'Corporate sector wants to submerge fair trade in aggressive marketing'

Gradually sustainability becomes a serious issue for a growing number of Belgian entrepreneurs. The way they approach the idea of fair trade does not make everybody happy.
Recently the Federation of Enterprises in Belgium (FEB) wanted to make their interest in sustainability clear by presenting a  list of examples of sustainable trade: Utz Certified for coffee, FSC for wood, ethical jeans of UCO Raymond (at the moment only available in Germany), etc.  These are all initiatives whereby companies do more on social or environmental levels than legally required.  The FEB also had another message concerning sustainable entrepreneurship: Let a thousand flowers bloom! (freely translated from Mao Zedong)
This is how the FEB opposes the current parliamentary initiatives to legally define fair trade.  According to the FEB sustainable initiatives need to satisfy only two conditions:  the company follows a certain amount of social and environmental rules and a professional guarantee system is implemented in order to control certain issues.  FEB director Rudi Thomaes doesn’t believe that the multiplicity of sustainable initiatives could be confusing for the consumer: ‘The market of sustainable products is a market like many others.’  He points out that consumers also find their way through the multiplicity of different kinds of raincoats or cars.  The fact that these are products that consumers can test theirselves for quality, while the ‘sustainability’ of coffee or jeans isn’t subject to such a self test, doesn’t convince Thomaes.  ‘There are already too many laws in this country, and even much more in Flanders then in Walloon.’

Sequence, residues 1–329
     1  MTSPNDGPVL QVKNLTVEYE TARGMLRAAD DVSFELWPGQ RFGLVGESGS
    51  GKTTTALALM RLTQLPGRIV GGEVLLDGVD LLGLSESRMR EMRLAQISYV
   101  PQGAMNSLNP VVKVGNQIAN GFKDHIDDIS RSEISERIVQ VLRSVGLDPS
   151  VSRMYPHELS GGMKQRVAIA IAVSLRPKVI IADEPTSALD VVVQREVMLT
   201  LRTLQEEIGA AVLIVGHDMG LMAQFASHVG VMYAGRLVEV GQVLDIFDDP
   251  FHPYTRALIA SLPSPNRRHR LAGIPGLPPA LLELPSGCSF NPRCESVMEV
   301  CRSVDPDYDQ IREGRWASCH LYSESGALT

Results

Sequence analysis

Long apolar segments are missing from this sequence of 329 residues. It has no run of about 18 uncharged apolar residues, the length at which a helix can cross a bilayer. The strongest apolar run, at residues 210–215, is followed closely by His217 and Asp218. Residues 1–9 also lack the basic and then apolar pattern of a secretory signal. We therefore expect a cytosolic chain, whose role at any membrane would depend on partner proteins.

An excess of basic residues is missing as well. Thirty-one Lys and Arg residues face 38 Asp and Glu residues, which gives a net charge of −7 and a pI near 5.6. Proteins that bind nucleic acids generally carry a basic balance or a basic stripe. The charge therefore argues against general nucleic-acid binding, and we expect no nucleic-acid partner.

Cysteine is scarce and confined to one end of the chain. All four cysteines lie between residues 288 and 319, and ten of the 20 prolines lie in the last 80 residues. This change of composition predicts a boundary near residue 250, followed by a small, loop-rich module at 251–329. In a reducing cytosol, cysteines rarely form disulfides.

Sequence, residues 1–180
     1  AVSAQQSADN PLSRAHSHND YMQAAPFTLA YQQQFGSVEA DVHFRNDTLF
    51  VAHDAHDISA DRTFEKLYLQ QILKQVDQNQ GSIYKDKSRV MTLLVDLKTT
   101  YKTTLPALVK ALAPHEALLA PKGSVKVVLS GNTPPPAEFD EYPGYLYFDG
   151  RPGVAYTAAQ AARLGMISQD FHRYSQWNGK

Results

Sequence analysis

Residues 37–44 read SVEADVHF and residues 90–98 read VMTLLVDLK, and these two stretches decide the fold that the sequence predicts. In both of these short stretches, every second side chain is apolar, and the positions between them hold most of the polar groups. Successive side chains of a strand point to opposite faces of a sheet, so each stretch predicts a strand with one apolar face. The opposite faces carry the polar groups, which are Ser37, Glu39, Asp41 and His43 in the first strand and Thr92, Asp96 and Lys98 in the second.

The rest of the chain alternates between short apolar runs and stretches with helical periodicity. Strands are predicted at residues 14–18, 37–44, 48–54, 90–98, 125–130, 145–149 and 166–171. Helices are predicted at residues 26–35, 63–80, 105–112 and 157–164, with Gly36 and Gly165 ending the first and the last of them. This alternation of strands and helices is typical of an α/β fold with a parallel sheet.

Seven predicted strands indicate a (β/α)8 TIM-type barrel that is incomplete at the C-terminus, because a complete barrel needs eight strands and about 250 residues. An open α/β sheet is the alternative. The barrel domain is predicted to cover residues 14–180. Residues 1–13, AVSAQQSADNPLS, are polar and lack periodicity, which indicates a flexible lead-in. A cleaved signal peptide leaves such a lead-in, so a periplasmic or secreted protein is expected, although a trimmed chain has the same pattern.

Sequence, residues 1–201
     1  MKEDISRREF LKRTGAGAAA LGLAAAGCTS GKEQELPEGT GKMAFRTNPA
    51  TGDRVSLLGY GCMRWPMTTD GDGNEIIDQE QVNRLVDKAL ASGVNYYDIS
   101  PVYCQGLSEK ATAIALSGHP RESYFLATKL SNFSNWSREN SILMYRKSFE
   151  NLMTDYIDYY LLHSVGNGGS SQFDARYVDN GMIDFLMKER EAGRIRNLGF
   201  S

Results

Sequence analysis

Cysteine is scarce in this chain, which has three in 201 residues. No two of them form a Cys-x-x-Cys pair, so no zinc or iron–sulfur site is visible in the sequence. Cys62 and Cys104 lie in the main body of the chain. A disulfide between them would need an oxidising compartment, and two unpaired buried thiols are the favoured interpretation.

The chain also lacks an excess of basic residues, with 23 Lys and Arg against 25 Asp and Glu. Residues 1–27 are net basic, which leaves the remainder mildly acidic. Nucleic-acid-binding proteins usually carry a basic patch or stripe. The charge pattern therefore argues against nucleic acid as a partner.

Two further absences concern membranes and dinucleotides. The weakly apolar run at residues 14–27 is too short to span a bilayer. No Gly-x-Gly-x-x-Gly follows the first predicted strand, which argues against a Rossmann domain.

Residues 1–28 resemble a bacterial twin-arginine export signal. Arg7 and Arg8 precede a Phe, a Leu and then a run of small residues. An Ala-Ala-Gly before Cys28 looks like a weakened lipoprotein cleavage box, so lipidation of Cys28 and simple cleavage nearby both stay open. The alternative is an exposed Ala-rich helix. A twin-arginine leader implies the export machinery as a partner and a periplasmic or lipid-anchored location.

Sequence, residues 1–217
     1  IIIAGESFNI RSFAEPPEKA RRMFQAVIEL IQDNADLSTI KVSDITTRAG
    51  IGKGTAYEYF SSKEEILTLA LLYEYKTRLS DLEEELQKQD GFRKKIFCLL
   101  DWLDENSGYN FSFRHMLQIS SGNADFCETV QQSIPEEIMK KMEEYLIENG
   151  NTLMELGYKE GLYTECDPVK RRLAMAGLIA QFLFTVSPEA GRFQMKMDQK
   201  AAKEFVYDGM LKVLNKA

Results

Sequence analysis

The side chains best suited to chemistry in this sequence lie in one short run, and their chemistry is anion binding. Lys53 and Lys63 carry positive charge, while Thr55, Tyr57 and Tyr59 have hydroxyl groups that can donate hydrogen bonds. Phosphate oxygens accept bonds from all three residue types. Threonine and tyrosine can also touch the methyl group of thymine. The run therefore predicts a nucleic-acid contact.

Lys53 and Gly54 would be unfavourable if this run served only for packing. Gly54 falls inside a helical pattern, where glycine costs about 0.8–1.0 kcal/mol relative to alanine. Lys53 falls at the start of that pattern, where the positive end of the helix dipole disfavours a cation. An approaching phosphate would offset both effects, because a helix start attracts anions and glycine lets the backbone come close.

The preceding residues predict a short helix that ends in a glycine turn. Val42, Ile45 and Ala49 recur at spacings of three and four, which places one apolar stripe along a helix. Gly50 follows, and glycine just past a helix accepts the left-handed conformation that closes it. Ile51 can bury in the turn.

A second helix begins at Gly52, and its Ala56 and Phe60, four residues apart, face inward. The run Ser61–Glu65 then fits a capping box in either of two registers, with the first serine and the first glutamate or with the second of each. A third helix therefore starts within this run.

Koen Van Bockstal, delegated manager of the Oxfam World shops, regrets this position of the FEB:’ Look, we appreciate all these sustainability initiatives of companies.  It is a positive development and now, in contrast to what happened before, we acknowledge that.  However, there is a difference between sustainable trade and fair trade.  Fair trade offers the producers in developing countries a minimum price from which they are able not only to survive but also to build capacities.  Clearly defining what exactly is fair trade and what isn’t, doesn’t diminish all the other initiatives.  Also, every company is free to do fair trade.’ 
Van Bockstal suspects that companies especially fear that they will not win public invitations to tender because of fair trade.  ‘This also doesn’t make sense because Miko and Java often win the invitations to tender specifically because they do fair trade.  Let us call a spade a spade:  initiatives such as Utz or Kolibri are valuable even though they are not fair trade.  As long as this is not legally defined, companies who have the marketing means will drown us in a sea of sustainable initiatives.’ (jvd)

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